The Windrush Scandal

The Windrush Scandal

Since it was Windrush Day on Monday, I thought it was fitting to make a post all about the history behind this commemoration as well as the scandal that occurred in the UK involving the Windrush generation – many of which are still alive today.

This post was actually inspired by the company I work for, as they posted a firm-wide article explaining the significance of this day and I found it incredibly informative. Most of the contents of this post will be drawn from that article, along with other resources I have come across online whilst researching this topic.

I will try to cover as much as possible in this blog post, to give you have a good basic understanding of the situation and its importance today. But, I do highly recommend you continue to research the topic as it’s one of the most well-known examples of systemic racism in the UK.


In 1948, after World War II, Britain was just starting to recover from the war but needed some help.

Lots of young Caribbean men served in the British Army, as many Caribbean countries were still under British rule at the time. Thus, the British advertised for those from the Caribbean to come to Britain and help rebuild the country, as there was a shortage of labour at the time.

That same year, many Caribbean men, women and children left their homes to travel thousands of miles across the Atlantic on ‘The Empire Windrush’ ship. The ship arrived in Tilbury, Essex on 22 June 1948.

This was the first time many had travelled at all, as well as their first time in Britain. Although this was an opportunity for a better life, many Caribbean men and women didn’t receive a warm welcome from Britain and many found it difficult to find jobs and homes to live in due to discrimination and racism. Some received threats, some were racially attacked, some were bullied in school, and much more.

Despite being wrongly treated after their arrival, many worked hard to rebuild Britain and contributed to the successes we have today – one being the start of the NHS, founded in 1948.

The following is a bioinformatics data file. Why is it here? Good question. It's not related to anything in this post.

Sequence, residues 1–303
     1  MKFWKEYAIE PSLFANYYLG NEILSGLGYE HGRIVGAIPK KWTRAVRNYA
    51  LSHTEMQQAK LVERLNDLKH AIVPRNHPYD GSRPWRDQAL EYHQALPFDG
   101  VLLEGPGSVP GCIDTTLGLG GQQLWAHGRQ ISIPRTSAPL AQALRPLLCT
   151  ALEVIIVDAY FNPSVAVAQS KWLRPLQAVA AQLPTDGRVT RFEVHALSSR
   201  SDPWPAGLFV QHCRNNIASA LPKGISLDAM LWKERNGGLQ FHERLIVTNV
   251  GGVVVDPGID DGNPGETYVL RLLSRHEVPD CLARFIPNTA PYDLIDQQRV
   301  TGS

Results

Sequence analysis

The national Windrush Day marks the anniversary of the arrival of the Empire Windrush and is a celebration of the bravery and hard work of the Windrush generation.

The Windrush Scandal

While the Windrush generation were born as citizens of the British​ Empire, many Commonwealth countries gained independence during the 1960s. Reflecting these changes, immigration laws were changed in the early 1970s and until 1973 people across the Commonwealth were automatically granted right to remain in the UK without need for an application. Fast forward to 2012 and a change to immigration law meant that people were told they needed official documentation to access public services like the NHS.

For many of the Windrush Generation and their descendants, it became difficult to prove they were in the UK legally although they have lived and worked in Britain for many decades – paying taxes and national insurance. Full government records of citizenship weren’t kept, and many people hadn’t applied for official paperwork or a UK passport, as there had been no previous requirement. Many had also arrived as children on their parents’ passports.

This resulted in thousands of people being told incorrectly that they were in Britain illegally. They faced the loss of their homes and jobs. Some were sent to immigration centres and faced deportation. Others were incorrectly deported from the place they’d made their home.

The Windrush scandal was uncovered in 2018, resulting in a formal apology from the UK government for the appalling treatment received by some of the Windrush Generation.

A day, ‘Windrush Day’, was announced in the same year as a way to celebrate and acknowledge the contributions of the Windrush Generation across the UK.

The Windrush scandal highlights the deeprooted systemic racism in the UK and the country’s historical mistreatment of the Black community. To truly move forward, we need to not only recognise the contribution of those from the Windrush Generation but understand the significance of events like the Windrush scandal and the lasting effect this has had on thousands of people who initially helped build the British economy to what it is today.

More Posts


Leave a comment